By Kieran Loughney
The summer of 2020 never really happened in New York. With concerts cancelled, theatres shuttered, business conducted remotely and travel deferred, the city became a hollowed-out shell of its usually vibrant self. Plywood covered shop windows. Favorite restaurants and stores closed. Deemed a risk to public safety, movies and music in the parks, Pride celebrations and street fairs vanished. Ubiquitous facemasks revealed only worried and fearful eyes as we passed each other on the street or allowed ourselves a short rest, socially distanced from others on a park bench. We began to wonder if summer could ever be the same again. A recent stroll through the West Village provided evidence that in 2021, summer had made a comeback.
The fractured melody of nonsense syllables reached me nearly a block before the toddler in a stroller came into view. His full-throated singing echoed off the brownstones lining West 12th Street as his expressionless nanny wheeled her charge. With her earbuds in place, she missed the child’s caterwauling and a man on the street exclaiming, “Great song.” I agreed, remarking, “I smell a hit.” At West 4th, bass notes pumped a dance beat among tables outside the Cubby Hole, its patrons in cheerful animation, their hair buzzed, dyed or spiked. The smell of dog droppings confronted me as I crossed the cobblestone street near Café Cluny, though the face of the maître’d at his podium betrayed no awareness of the foul odor. As I passed an open door, a rich, roasted scent drifted from the kitchen. Diners chattered under the cafe’s canopy in various foreign dialects, the clink of flatware on plates punctuating their conversation. Just steps away, the piquance of ground horseradish drifted from another restaurant, its clientele sipping wine in a streetside enclosure. A whiff of pot smoke accompanied a passing young couple’s laughter. A raucous tuba, trumpet and drum backed a gruff voice on a megaphone at nearby Tartine. Alfresco diners bobbed heads and tapped feet to the strolling combo’s energetic take on, “It Don’t Mean a Thing If It Ain’t Got That Swing.” I had once complimented the combo’s singer for channeling Louis Armstrong’s voice. “Oh, no man, I’m trying to sound like Tom Waits,” he insisted. On West 11th Street, flowers entwined wrought iron railings and filled pots on stoops, lending their sweet fragrance—or was it the perfume worn by that stylishly dressed woman who just hurried by on clicking heels?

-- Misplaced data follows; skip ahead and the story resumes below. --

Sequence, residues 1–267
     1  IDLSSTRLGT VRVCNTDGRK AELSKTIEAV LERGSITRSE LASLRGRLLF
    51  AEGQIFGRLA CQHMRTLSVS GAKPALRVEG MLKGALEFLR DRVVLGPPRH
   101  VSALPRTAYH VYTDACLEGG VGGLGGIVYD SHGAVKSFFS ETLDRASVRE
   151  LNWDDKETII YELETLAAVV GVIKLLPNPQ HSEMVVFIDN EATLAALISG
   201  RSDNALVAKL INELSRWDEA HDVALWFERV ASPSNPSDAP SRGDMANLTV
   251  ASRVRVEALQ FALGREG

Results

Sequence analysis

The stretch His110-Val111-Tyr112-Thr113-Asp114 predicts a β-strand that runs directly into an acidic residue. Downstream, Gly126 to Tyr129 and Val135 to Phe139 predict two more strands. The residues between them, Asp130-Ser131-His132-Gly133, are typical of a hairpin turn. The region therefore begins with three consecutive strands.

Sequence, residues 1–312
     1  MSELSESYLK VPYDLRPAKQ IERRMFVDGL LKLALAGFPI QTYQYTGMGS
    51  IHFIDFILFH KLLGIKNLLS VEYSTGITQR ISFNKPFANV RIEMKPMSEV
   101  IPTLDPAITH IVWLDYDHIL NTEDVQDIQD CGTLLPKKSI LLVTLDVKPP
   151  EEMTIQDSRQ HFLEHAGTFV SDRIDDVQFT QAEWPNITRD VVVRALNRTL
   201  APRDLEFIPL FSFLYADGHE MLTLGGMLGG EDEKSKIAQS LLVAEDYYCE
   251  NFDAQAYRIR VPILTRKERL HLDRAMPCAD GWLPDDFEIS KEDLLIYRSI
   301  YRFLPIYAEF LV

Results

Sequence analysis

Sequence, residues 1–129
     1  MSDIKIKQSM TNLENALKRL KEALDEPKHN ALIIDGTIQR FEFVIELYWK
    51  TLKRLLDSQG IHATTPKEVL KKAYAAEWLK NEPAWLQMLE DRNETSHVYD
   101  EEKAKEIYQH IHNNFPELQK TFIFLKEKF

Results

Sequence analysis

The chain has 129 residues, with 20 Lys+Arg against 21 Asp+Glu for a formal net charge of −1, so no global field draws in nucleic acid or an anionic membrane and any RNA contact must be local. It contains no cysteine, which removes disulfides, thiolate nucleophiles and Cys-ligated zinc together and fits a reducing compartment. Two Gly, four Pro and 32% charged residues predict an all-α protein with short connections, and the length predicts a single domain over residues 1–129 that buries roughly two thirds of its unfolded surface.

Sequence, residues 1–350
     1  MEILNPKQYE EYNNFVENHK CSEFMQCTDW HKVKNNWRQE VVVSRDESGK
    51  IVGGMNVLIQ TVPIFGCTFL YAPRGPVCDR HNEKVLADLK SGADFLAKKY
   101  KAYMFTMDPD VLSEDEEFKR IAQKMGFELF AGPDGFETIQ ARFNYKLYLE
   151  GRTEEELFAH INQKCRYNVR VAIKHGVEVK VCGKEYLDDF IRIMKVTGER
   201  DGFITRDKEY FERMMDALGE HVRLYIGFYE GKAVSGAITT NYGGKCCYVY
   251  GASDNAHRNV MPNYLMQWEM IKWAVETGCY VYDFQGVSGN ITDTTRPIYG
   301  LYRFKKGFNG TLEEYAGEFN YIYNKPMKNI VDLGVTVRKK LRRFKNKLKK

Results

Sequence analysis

In the West Village the incessant wail of car alarms, angry motorists honking at double parkers, the shrill beep of trucks backing up and ear-shattering jackhammers make frequent appearances. The reek of curbside garbage awaiting pickup and acrid car exhaust are also here. But in the symphony of sound and scent of which the West Village is composed is the abundant energy of life lived fully. A life now reclaimed and rejuvenated, the summer after its very existence seemed in peril. We’ve taken tentative steps in 2021 into our new reality, our senses re-awakening, sometimes thrilling to that which may once have become ordinary. We are back to kibbitzing with neighbors, grateful for those who have made it through those harrowing months. Handshakes and embraces are becoming routine. Though variants of the COVID virus present a new threat of breakthrough infections, we are thankful for the interactions we can safely enjoy.
Too many didn’t live to see this remarkable summer unfold. Their lives will echo in our memories, and our hearts are with those they left behind. We have new heroes now, a new perspective on what really matters. We see those we may have once ignored: the sanitation worker, the delivery person, and appreciate the truly essential role they play in maintaining our city, supplying us with so much. Consider the custodian mopping a hospital corridor, the overworked nurse who has seen so much loss, the cheerful checkout clerk at the local supermarket. These and countless others who give of themselves each day have shown us what should have been clear all along: that their efforts enhance our lives in a thousand ways, every day. An undeniably positive effect of the pandemic is that we’ve acquired a finer-tuned sense of life’s richness. After the loss and isolation of the past, an appreciation for all we’ve missed may stay with us and we’ll understand more profoundly the treasure each moment can hold.